Different Cultural Backgrounds (different + cultural_background)

Distribution by Scientific Domains


Selected Abstracts


Battery for assessment of neuropsychological status (RBANS) in schizophrenia: a pilot study in the Spanish population,

ACTA NEUROPSYCHIATRICA, Issue 1 2009
Juan C. Sanz
Objectives:, The aims of this study were to research the following issues in a Spanish population of patients with schizophrenia. (a) The sensitivity and reliability of the Repeatable Battery for the Assessment of Neuropsychological Status (RBANS) to detect cognitive impairment in schizophrenia. (b) The convergent validity of RBANS on a larger battery of neuropsychological tests sensitive to the cognition disorders typically observed in schizophrenia. (c) The correlates of poor performance in RBANS with clinical features and illness severity. Method:, Thirty schizophrenia patients, 30 non-psychotic patients and 30 healthy participants were assessed using RBANS (form A). We administered a battery of neuropsychological tests and four scales to evaluate patient's clinical status. Results:, Schizophrenia patients and non-psychotic patients performed significantly worse than healthy controls on RBANS, and schizophrenia patients performed slightly worse than non-psychiatric controls, but this difference was not significant. Good inter-test reliability and concurrent validity were found. Only a moderate correlation between RBANS performance and illness severity was observed. Conclusions:, RBANS revealed coherence in identifying cognitive impairment in schizophrenia patients of a different cultural background, and it is shown to be a sensitive, valid and easy-to-perform tool for the neuropsychological assessment of Spanish patients with schizophrenia. [source]


Identifying the core components of cultural competence: findings from a Delphi study

JOURNAL OF CLINICAL NURSING, Issue 18 2009
Maria Jirwe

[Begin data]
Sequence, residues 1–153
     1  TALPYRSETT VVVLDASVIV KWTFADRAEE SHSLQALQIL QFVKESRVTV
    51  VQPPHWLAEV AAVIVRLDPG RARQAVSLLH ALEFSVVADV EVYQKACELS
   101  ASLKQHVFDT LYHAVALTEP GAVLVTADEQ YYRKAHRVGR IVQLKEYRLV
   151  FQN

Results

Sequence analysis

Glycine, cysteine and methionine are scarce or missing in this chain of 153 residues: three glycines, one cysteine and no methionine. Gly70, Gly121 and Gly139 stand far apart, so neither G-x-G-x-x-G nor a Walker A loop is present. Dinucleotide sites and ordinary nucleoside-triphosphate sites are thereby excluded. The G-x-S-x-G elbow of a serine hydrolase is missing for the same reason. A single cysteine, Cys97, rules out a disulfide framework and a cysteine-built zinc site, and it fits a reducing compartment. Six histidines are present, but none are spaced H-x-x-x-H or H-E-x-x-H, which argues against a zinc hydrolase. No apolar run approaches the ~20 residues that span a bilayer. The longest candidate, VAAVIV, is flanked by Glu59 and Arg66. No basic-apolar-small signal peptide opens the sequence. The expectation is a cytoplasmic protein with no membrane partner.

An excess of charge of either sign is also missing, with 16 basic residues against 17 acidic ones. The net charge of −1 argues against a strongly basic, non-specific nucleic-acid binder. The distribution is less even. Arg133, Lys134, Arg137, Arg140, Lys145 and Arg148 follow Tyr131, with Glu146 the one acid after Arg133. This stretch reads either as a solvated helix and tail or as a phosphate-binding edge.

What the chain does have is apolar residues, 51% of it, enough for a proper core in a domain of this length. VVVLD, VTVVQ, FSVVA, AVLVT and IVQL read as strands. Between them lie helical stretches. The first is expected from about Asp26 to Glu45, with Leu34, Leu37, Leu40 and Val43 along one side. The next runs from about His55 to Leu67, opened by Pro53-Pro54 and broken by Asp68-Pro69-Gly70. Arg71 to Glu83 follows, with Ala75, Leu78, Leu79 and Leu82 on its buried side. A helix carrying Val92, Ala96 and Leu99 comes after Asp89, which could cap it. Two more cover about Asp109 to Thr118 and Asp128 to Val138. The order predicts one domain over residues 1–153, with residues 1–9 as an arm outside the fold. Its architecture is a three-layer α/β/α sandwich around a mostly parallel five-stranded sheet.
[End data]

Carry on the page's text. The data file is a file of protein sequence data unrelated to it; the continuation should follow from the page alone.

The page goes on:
Aim., To identify the core components of cultural competence from a Swedish perspective. Background., The cultural diversity of Swedish society raises challenges for nursing practice. Nurses need to be culturally competent, i.e. demonstrate the effective application of knowledge, skills and attitudes to practice safely and effectively in a multicultural society. Existing frameworks of cultural competence reflect the socio-cultural, historical and political context they were developed in. To date, there has been no research examining cultural competence within a Swedish context. Design., A Delphi survey. Methods., A purposeful sample of 24 experts (eight nurses, eight researchers and eight lecturers) knowledgeable in multicultural issues was recruited. Interviews were undertaken to identify the knowledge, skills and attitudes that formed the components of cultural competence. Content analysis yielded statements which were developed into a questionnaire. Respondents scored questionnaire items in terms of perceived importance. Statements which reached consensus were removed from questionnaires used in subsequent rounds. Three rounds of questionnaires were distributed during 2006. Results., A total of 118 out of 137 components reached a consensus level of 75%. The components were categorised into five areas, cultural sensitivity, cultural understanding, cultural encounters, understanding of health, ill-health and healthcare and social and cultural contexts with 17 associated subcategories. Conclusions., There are some similarities between the issues raised in the current study and existing frameworks of cultural competence from the USA and the UK. However, Swedish experts placed less emphasis on ethnohistory and on developing skills to challenge discrimination and racism. Relevance to clinical practice., This study identified the core components of cultural competence important to nurses practising within a multicultural society such as Sweden. Acquisition of the knowledge, skills and attitudes identified should enable nurses to meet the needs of patients from different cultural backgrounds. The components of cultural competence can form the basis of nursing curricula. [source]